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Housing First: An Interview with Sam Tsemberis
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Dr. Sam Tsemberis is the founder of Pathways to Housing, Inc., a non-profit organization that originated the Housing First program. Housing First is a highly effective housing and support services model that is used all over the U.S. in both urban and rural areas. Sam discusses the history of Housing First, which is based on the principles of client choice and offers housing as a basic human right to people with co-occurring disorders experiencing homelessness.
Housing First: An Interview with Sam Tsemberis

Pathways to Housing is the recipient of a Services in Supportive Housing (SSH) Grant for the Benefit of Homeless Individuals (GBHI) from the Center for Substance Abuse Treatment. The SSH program funds grantees to provide intensive services to prevent or reduce chronic homelessness.

Twenty years ago, Housing First did not exist. At that time, working with people who lived with mental illness was based predominantly on a disease model approach, which emphasized treatment as a means of achieving stability, which was considered essential before people could move into housing. People receiving treatment were often told that with rigorous adherence to treatment compliance (which included medication), the best outcome they could expect was symptom maintenance. Essentially, mental illness was considered a life long illness with a downhill course, says Dr. Sam Tsemberis, Founder and CEO of Pathways to Housing and the originator of the Housing First model.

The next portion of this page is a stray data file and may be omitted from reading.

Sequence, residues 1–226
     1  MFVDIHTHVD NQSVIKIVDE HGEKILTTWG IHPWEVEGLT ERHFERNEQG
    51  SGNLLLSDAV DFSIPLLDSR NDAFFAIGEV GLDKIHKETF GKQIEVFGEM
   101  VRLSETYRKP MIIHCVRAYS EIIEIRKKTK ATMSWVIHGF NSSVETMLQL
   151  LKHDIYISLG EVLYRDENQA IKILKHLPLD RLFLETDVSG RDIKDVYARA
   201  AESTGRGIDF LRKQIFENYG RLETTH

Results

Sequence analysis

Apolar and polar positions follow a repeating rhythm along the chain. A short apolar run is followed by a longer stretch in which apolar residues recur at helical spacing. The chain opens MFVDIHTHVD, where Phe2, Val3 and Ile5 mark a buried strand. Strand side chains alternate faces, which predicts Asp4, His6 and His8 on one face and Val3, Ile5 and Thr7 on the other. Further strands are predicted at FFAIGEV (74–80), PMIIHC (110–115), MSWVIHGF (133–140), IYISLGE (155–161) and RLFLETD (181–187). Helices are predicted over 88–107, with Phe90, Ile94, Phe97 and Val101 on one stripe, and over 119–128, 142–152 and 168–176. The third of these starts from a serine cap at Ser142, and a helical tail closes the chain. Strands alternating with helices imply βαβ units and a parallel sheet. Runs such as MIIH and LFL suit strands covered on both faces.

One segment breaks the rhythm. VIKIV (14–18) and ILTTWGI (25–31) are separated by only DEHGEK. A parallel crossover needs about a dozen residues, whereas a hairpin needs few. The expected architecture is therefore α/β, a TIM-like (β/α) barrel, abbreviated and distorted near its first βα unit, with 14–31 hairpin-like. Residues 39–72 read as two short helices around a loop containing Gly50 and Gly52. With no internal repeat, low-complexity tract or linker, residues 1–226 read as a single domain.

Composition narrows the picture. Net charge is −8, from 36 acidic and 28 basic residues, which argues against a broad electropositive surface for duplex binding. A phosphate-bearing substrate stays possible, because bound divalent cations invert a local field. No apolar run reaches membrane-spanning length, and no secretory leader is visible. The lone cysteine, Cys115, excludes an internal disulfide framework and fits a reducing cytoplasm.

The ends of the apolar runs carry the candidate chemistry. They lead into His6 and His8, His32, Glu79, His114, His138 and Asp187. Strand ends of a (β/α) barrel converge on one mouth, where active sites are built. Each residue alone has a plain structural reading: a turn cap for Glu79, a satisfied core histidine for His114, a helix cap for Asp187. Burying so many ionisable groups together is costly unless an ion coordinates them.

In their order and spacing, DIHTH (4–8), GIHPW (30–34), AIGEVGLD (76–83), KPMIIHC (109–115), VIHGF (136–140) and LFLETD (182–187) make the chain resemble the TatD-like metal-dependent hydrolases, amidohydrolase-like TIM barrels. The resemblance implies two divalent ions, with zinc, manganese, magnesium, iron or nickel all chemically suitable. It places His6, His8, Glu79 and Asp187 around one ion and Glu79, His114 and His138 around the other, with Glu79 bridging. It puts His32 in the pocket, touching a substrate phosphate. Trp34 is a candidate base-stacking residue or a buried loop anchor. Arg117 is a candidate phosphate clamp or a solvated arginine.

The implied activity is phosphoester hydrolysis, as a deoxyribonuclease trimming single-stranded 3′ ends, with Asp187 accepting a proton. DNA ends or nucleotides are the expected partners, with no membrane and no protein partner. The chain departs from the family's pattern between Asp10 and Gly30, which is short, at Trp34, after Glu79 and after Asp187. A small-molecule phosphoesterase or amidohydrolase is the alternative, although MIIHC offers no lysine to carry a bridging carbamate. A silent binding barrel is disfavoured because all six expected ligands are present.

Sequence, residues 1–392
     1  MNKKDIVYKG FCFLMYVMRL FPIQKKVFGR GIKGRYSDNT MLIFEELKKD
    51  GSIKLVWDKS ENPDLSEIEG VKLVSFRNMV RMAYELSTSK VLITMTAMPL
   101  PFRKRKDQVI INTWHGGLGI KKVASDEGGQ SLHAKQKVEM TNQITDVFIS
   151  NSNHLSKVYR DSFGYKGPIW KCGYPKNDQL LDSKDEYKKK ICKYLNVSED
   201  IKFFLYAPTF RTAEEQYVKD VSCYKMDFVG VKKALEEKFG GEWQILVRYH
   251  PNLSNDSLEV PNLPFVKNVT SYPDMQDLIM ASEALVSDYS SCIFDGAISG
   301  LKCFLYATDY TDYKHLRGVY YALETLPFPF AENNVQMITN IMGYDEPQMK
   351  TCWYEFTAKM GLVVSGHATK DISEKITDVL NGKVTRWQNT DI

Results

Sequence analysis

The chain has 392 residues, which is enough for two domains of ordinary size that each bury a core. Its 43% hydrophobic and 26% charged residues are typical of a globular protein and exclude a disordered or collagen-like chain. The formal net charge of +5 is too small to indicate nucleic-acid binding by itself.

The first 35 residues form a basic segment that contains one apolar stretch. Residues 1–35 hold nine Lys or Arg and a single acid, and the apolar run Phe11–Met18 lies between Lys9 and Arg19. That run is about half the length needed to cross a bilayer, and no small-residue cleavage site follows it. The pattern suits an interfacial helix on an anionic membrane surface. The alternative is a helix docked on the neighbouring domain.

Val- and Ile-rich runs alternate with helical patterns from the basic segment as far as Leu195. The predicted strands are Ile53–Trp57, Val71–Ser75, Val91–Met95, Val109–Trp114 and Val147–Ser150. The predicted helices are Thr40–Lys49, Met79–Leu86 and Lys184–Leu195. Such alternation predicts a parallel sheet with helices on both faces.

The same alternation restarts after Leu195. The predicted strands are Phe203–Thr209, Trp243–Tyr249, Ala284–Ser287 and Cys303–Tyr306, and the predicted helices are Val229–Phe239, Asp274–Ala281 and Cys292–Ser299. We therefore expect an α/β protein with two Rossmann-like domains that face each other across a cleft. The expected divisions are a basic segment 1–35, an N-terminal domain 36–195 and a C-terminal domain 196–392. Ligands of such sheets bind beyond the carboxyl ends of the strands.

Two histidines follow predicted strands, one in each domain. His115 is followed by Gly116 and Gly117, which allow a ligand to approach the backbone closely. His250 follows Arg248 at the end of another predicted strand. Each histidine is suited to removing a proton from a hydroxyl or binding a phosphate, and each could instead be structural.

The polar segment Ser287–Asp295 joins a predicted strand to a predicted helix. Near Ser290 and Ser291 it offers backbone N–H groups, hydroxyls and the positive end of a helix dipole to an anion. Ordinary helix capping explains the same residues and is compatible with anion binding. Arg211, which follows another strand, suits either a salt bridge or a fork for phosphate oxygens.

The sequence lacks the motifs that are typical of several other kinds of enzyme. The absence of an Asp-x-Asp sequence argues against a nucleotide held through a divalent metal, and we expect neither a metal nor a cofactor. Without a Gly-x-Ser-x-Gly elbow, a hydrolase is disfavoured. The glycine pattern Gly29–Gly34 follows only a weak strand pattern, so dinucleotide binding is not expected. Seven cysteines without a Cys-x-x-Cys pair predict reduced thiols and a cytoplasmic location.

Housing First grew out of working directly with people diagnosed with mental illness who were living on the streets of New York, where Sam learned that people needed services beyond hospitalization. Discharge back to the streets after repeated hospitalizations made people worse and they soon became disenchanted and suspicious of treatment, and eventually refused treatment altogether. Refusing treatment had many adverse effects, including disqualifying people from the possibility of admission to housing programs, which refused to accept referrals from people who were not medicated and already clean and sober.

A breakthrough occurred in 1992. Frustration led to the creation of a new agency funded by a grant from the New York State Office of Mental Health. “Pathways was the only agency that would provide housing for people who were still using [substances] and had active psychiatric symptoms. We developed the program in collaboration with clients who, to the casual observer, may have seemed disorganized, but when communicating with us, clearly and unanimously declared that what they wanted first and foremost was a place to live (housing first!). We quickly discovered it was much easier to engage people in the program when we began to follow their lead and honor their priorities,” says Sam.